I'm not sure what the B&N team have in mind here, if the older messages are to be scrubbed out when the Tolkien discussions are folded into the general fantasy section, do we start up a new forum specifically on the Silmarillion?

_________________________

Orgulas does not have a discussion section covering the opening section of "The Silmarillion," "The Ainulindale," so I've written the following synopsis and questions as a trial run. Perhaps, after being suitably amended, we might use something like this (under its own topic heading) to get things started? Each time we move on to a new section, a different member might volunteer to do the synopsis and questions?

"Ainulindale" synopsis, pp. 15-22:

Tolkien wrote several versions of the creation of his universe, so a good deal of the material found in "Ainulindale" will be repeated (often with variations) in later sections of "The Silmarillion." In this first description of his cosmogeny (universe-creation) Tolkien sketches the creation as originating with a single divine being, "Eru, the One, who in Arda is called Iluvatar" (p. 15). Initially Eru creates the Ainur ("the Holy Ones" ) as the offspring of his mind, and through the medium of musical themes he communicates with them. Each of these Ainu (singular form of Ainur) knows a portion of Eru's mind, and sings about that portion. Eventually, the Ainur begin to weave their individual songs into a harmonic whole. What they sing becomes a choral "Great Music," and the Ainur are given a bit of the creative "Flame Imperishable" which allows their individual thoughts/ songs to become a physical reality.

At first the Great Music is harmonious, but one of the Ainur, Melkor, tries to impose his own will upon the general melody, interweaving "matters of his own imagining that were not in accord with the theme of Iluvatar" (p. 16). Discord arises from this presumption, and the Great Music falls apart as the competing themes of Melkor infect some of the other Ainur. Illuvatar quells this tumult, smiling, and starts a second Great Theme that reconciles the competing threads of music. But, again, Melkor's individuality is exercized, and he seeks to control the new theme, and the second Great Music collapses. A stern-faced Iluvatar halts this second discord, and begins a new, third theme. Once more, Melkor cannot bring himself to harmonize with the others, and Iluvatar, now wrathful, brings the dissonance to a close, "the Music ceased" (p. 17).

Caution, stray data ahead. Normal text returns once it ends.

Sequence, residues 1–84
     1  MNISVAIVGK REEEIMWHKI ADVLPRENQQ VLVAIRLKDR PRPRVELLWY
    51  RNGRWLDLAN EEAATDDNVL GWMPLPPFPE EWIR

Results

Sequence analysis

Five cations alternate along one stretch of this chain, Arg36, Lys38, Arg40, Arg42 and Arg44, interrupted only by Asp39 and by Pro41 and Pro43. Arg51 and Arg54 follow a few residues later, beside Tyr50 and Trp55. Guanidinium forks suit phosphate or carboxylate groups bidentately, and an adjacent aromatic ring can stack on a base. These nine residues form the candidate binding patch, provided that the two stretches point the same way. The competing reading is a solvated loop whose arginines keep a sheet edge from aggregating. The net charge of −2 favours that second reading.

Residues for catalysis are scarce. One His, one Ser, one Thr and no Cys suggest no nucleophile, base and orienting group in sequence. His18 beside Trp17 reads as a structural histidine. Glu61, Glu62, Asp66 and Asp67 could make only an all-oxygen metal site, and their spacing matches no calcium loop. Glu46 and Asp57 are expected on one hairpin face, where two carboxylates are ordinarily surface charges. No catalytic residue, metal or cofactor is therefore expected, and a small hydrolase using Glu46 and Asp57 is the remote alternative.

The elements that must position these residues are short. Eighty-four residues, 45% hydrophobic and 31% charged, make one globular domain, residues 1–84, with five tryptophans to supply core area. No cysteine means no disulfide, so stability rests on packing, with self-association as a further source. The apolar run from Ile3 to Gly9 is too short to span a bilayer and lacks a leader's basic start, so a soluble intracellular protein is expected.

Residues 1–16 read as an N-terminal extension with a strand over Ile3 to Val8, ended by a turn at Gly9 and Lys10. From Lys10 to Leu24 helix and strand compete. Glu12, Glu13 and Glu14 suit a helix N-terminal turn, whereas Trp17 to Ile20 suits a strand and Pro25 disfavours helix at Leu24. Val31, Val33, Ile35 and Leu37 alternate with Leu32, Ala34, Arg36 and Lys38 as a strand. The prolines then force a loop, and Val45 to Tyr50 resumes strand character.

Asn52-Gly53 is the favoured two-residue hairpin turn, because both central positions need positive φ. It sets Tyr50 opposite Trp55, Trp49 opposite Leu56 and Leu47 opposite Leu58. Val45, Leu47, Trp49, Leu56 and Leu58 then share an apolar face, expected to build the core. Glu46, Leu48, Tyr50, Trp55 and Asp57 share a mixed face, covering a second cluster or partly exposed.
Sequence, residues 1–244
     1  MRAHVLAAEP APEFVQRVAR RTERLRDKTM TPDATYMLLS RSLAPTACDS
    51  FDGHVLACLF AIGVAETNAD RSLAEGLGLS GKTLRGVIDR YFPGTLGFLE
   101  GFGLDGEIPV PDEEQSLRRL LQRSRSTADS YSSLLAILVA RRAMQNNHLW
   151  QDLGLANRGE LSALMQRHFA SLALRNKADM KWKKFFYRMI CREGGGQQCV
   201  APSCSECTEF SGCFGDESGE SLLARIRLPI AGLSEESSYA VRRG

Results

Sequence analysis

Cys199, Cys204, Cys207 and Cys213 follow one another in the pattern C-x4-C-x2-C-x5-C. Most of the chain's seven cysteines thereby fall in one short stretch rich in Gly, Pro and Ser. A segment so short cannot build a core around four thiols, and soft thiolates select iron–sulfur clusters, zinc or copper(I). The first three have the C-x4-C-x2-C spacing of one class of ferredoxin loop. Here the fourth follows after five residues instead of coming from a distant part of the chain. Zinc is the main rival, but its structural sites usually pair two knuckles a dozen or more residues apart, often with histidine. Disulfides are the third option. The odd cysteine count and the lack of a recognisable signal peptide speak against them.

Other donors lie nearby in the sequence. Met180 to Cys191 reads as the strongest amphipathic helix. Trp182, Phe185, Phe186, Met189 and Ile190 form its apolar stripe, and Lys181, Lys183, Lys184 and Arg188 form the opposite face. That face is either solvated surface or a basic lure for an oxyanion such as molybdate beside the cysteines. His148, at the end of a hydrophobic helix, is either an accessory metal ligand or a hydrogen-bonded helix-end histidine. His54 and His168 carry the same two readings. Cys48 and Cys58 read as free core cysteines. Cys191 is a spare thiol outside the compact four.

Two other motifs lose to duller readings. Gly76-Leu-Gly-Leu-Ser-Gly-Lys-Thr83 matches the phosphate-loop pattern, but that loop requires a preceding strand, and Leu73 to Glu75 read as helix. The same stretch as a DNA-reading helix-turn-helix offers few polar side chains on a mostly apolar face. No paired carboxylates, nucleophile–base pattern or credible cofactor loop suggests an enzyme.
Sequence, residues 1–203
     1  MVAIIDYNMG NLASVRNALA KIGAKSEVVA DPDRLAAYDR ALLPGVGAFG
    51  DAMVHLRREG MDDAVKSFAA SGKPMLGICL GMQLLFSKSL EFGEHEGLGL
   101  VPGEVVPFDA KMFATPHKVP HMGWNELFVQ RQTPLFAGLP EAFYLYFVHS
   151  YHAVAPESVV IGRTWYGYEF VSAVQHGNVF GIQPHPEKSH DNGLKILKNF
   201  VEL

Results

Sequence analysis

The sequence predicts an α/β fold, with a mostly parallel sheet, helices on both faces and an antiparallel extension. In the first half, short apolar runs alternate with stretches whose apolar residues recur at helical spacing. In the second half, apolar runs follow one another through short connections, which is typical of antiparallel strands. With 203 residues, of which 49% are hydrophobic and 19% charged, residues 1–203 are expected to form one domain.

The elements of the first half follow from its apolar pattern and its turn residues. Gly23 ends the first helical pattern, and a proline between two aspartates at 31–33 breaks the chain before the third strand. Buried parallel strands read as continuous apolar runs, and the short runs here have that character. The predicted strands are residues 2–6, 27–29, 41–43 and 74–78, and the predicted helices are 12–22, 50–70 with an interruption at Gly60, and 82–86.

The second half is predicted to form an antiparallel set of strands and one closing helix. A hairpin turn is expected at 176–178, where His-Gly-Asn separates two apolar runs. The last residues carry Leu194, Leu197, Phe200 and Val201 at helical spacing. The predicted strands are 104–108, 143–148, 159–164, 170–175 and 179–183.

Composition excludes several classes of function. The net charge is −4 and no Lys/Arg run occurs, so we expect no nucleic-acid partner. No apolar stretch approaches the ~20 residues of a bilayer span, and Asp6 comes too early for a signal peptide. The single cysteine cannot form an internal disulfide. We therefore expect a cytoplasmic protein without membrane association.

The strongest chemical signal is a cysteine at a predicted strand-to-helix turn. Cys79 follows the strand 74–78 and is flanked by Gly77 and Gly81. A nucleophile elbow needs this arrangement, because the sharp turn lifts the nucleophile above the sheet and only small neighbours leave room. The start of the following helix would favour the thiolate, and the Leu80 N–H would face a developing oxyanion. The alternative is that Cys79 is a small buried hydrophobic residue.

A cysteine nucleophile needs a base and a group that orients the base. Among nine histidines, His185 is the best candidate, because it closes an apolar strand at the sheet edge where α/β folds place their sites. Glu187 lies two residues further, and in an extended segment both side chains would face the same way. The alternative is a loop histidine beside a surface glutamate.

Now Iluvatar reveals to the Ainur that all they have sung has been woven into a form of Reality, a reality that finds its sole base in his own person, both the harmonic elements and the dissonance itself are therefore rooted only in the nature/ power of Eru. Iluvatar then shows the "representation" of the Music to the Ainur, a vision of a World (Arda) which they have made, a place where Time moves -- and so History is possible.

As the Ainur view the vision of the World, they see many things unfolding in it, things they have no pre-knowledge of, things they will forget. They see the creation and coming of the "Children of Iluvatar," apparently just Elves and Men at first. These Children seem to be largely independent of the Ainur, and never fully known by them; do they have the power of choice, the power to shape and follow their own destinies? Melkor at once wants to dominate and control these Children "and he wished himself to have subjects and servants, and to be called Lord, and to be a master over other wills" (p. 18).

Iluvatar further reveals that all the discordance of Melkor has been altered by Eru so that, in the end, it actually enhances the beauty and poignancy of the World. Water can now be frozen by the extremes of Melkor's thought, hence the beauties of ice, frost, and snow come into existance; clouds and rain exist now because Melkor envisioned heat, the evaporative force; furthermore, the extreme heat from Melkor's thought, allows the beauty of geysers, of hot-spring pools, and the spouting fountains of red lava.

After viewing the World of their Music, the Ainur begin to desire it, wanting it to become more than a vision, wanting it to Be, that is, Be Real. Eru reads their desires, and grants them, with a single word of final, creative power -- he cries "Ea! Let these things Be!" (p. 20) and the universe of song becomes a physical reality of time and space, energy and matter through the agency of the Flame Imperishable. Those Ainur who wish it, may now enter this real world, but they are "contained and bounded in the world, to be within it for ever, until it is complete, so that they are its life and it is theirs." (p. 20) The Ainur who thus enter the World (Arda) become its Powers, the Valar.

Once in the World (Arda), the Valar are bound to its history, and Melkor begins his struggle to dominate. In the primeval period of Arda's history, come the first battles between Melkor and the other Valar, with great upheavals of the geology of the World -- mountains being toppled, and valleys gouged, seas spilled as the earth is tormented, a whirling chaos. The foes of Melkor seek ever to create harmony, order, and security so that a stable platform might be present into which the Children of Iluvatar may be born. So that the Children might have a World in which they can flourish, "the Earth was fashioned and made firm" (p. 22)

Potential Questions: pick any one, or all to discuss. Alternatively, come up with questions of your own based on the material of this section.

1. Tolkien starts with a pre-existant, single god who is the only being responsible for the subsequent cosmic creation. How does this god, Eru, resemble the Judaeo-Christian-Islamic Creator God? How do they differ, and do you think JRRT meant his Eru to be the Judaeo-Christian-Islamic God?